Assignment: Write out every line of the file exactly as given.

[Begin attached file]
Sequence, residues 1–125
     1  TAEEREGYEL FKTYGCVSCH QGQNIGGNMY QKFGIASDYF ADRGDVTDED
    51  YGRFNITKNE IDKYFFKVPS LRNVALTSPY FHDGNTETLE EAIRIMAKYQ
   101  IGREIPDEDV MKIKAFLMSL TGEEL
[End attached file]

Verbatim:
Sequence, residues 1–125
     1  TAEEREGYEL FKTYGCVSCH QGQNIGGNMY QKFGIASDYF ADRGDVTDED
    51  YGRFNITKNE IDKYFFKVPS LRNVALTSPY FHDGNTETLE EAIRIMAKYQ
   101  IGREIPDEDV MKIKAFLMSL TGEEL